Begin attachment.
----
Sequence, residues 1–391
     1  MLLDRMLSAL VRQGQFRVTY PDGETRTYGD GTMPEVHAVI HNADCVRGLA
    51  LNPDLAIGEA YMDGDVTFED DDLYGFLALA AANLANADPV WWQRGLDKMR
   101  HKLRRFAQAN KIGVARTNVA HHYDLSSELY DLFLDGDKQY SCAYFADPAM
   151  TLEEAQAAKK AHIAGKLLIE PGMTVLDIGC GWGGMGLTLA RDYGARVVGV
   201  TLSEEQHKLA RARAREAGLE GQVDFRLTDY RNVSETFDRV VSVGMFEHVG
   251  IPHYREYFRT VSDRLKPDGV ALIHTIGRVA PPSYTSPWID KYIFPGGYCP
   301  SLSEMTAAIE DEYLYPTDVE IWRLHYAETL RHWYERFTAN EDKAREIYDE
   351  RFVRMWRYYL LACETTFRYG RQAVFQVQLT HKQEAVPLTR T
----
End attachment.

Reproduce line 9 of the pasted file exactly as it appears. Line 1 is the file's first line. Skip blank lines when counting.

   351  RFVRMWRYYL LACETTFRYG RQAVFQVQLT HKQEAVPLTR T